Published: Apr 29, 2021

ST. THOMAS- Members of the Committee on Disaster Recovery and Infrastructure chaired by Sen. Janelle K. Sarauw, convened in a meeting at the Capitol Building on Thursday, and received testimony regarding the status of the infrastructure hardening and the integration of renewables into the infrastructure of the Virgin Islands Water and Power Authority (WAPA). Additionally, officials from the Virgin Islands Waste Management (VIWMA) shared an update of the initiatives, programs, projects, and processes that are related to the Territory’s infrastructure. Invited testifiers are officials from WAPA, VIWMA, and the Office of Disaster Recovery.

Post-Hurricanes Irma and Maria that occurred in 2017, the top priorities of the WAPA mitigation projects are inclusive of interconnecting critical facilities and customers on the underground system, the battery systems, and placing the existing electrical overhead transmission and distribution system underground. Additionally, hybridizing the generation mix including smaller units and hardening remaining systems with composite poles are also among key components of the mitigation projects; according to WAPA Interim Director of Transmission and Distribution Ashley Bryan who testified on behalf of Interim Executive Director Noel Hodge. Bryan indicated that the deadline for completion of all mitigation projects is December 2022. WAPA Mechanical Engineer Denika Charles mentioned that although the installation of composite poles on Water Island was completed in 2019, the work on the remaining islands is ongoing.

To date, out of 2,333 composite poles a total of 813 were installed on St. Thomas, out of 4,003 poles only 1,453 were installed on St. Croix, and out of 1,960 poles, only 966 were installed on St. John. Sen. Kurt Vialet noted that sadly the contract started and then paused delaying the installation of the composite poles. He hopes that hurricane season is inactive to further allow WAPA to strengthen the transmission system and to complete pole installations. WAPA Electrical Engineer Cyril Andrew mentioned that challenges delaying the completion of the mitigation projects are the number of mandated documentation and reporting required for funding and the high cost for industry materials. Regarding repairing or replacing the water infrastructure, WAPA Interim Chief Operating Officer for the Water Systems Don Gregoire noted that WAPA along with Witt O’Brien is conducting an analysis and data collection that are essential to securing federal funding to replace severely damaged water systems on St. Croix.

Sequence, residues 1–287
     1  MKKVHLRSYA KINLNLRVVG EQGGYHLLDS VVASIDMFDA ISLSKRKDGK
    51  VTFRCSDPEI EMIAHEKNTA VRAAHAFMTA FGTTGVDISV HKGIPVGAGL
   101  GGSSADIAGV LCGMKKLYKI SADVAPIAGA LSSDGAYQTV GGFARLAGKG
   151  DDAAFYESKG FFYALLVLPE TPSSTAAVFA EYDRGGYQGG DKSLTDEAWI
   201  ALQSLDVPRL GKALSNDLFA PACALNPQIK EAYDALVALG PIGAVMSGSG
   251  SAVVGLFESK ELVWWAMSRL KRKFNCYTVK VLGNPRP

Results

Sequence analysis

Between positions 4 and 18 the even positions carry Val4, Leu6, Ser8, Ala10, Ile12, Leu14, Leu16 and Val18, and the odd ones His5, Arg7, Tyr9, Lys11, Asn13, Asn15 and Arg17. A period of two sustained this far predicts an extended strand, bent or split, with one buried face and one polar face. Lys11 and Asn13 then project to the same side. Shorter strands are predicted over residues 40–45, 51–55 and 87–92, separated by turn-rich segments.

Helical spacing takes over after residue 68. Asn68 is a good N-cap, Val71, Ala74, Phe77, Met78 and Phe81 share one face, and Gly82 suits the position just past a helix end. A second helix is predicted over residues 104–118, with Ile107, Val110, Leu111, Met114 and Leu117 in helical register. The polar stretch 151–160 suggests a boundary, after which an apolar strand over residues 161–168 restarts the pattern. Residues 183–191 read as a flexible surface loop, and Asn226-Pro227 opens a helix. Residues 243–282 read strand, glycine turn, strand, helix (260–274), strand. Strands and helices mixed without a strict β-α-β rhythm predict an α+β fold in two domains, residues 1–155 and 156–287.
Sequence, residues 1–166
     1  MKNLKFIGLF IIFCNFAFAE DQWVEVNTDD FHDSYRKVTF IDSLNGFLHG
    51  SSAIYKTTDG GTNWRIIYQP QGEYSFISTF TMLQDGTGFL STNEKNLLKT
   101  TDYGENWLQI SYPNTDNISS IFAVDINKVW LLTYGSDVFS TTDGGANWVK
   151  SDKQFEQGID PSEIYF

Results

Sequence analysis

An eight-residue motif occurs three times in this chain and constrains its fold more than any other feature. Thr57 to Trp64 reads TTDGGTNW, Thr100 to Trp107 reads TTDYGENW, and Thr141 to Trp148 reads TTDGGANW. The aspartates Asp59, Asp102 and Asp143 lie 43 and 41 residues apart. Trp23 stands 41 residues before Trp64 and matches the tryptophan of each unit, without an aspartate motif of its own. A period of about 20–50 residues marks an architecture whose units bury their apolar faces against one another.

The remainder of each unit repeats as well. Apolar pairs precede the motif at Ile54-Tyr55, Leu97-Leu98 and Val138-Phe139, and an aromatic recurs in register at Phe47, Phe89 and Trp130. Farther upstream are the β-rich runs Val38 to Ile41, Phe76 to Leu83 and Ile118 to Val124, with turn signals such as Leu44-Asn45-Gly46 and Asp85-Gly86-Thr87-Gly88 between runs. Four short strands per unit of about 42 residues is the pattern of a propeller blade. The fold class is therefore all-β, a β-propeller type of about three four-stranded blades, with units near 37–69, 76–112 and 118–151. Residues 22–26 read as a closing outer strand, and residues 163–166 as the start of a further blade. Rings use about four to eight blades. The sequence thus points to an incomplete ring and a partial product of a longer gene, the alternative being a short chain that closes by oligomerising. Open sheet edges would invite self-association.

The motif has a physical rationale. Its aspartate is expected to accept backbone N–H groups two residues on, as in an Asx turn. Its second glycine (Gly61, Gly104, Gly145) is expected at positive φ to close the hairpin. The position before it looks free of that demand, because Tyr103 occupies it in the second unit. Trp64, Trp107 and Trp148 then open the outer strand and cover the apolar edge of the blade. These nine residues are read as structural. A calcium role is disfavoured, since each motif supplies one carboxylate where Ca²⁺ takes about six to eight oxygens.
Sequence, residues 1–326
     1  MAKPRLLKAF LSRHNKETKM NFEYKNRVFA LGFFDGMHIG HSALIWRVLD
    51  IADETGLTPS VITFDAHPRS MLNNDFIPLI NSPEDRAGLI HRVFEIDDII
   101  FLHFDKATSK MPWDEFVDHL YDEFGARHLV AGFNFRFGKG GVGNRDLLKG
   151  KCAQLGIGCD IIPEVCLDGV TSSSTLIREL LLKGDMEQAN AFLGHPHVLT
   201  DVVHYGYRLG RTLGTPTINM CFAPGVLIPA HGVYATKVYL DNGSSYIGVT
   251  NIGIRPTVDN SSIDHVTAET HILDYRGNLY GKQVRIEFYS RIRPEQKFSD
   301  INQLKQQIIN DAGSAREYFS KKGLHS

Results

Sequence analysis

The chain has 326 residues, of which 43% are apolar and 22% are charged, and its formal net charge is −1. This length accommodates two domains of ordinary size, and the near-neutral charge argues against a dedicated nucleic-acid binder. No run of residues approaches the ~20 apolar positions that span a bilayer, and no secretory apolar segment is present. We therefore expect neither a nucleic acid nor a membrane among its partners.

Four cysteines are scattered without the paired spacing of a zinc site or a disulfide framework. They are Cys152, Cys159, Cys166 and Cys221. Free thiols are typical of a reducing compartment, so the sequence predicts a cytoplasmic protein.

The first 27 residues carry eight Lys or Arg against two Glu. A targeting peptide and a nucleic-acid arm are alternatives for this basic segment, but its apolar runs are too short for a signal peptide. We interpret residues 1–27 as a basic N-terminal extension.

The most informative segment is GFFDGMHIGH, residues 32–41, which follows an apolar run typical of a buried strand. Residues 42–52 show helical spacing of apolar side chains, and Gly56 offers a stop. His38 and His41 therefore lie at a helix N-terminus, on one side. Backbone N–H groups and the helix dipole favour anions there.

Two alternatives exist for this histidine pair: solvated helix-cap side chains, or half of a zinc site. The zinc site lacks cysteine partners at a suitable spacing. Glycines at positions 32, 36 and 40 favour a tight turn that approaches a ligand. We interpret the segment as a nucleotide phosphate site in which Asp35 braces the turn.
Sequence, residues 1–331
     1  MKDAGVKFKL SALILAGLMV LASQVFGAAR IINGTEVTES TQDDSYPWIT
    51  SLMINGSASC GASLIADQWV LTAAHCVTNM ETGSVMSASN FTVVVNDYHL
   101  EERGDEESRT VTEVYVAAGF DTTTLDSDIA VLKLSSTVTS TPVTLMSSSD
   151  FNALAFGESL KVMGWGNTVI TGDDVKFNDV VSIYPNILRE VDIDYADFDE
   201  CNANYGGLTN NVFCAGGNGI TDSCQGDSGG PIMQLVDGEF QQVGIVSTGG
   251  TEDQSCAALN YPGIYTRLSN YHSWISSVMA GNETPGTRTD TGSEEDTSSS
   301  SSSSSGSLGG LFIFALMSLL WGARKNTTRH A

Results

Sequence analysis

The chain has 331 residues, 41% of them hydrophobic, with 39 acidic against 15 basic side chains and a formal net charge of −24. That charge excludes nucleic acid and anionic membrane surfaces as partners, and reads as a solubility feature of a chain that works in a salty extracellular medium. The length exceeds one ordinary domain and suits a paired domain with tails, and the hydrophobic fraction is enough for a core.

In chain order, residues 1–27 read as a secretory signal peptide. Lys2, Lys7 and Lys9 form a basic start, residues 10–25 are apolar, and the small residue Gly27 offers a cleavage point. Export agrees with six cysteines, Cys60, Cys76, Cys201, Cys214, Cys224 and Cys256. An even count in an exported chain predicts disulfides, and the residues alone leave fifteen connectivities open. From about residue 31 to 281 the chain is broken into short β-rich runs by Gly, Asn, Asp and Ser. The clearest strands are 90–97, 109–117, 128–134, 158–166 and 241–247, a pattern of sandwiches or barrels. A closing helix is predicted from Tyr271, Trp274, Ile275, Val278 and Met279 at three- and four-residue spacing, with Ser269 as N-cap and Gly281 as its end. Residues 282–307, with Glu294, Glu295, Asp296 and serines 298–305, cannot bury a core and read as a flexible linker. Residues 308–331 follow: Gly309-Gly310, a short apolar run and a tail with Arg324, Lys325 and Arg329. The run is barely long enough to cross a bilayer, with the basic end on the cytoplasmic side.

Separately, VIWMA in conjunction with local and federal partners reviewed hurricane damages and now there are a total of seventy-two projects. To date, fifty-six projects are obligated and sixteen are unobligated, according to Office of Disaster Recovery Director Adrienne Williams-Octalien. The key components of the obligated projects are funding operations for management, debris clearance, completing permanent projects to harden the infrastructure, and disposing of green and white waste. VIWMA Executive Director Roger Merritt, Jr. noted that there are budgetary shortfalls such as insufficient appropriations for operations, setbacks in receiving insurance proceeds to rebuild the St. Croix Transfer Station, and the reallocation of the St. John Tourism Fund. Additional challenges are antiquated infrastructure and facilities as well as the lack of state-of-the-art equipment. Williams-Octalien cited that two major concerns about the infrastructure are the lack of funding to repair wastewater lines and separately, the Sewer Rehab Project outside of Christiansted.

Separately, Merritt mentioned that there will be Convenience Centers in both districts that will have an attendant to assist residents with organizing waste. Some of the ongoing work at bin sites include fencing, monitored scheduled bin pick-ups, and the installation of cameras. In response to the lack of enforcement officers at bin sites to curtail illegal dumping, Sen. Sarauw said, “There was an increase in the budget appropriated to VIWMA. Therefore, vacancies should be filled. Currently, VIWMA lacks an enforcement director, compliance officers, and additional staff is required. We cannot want progress when we are not doing what is necessary to achieve it.”


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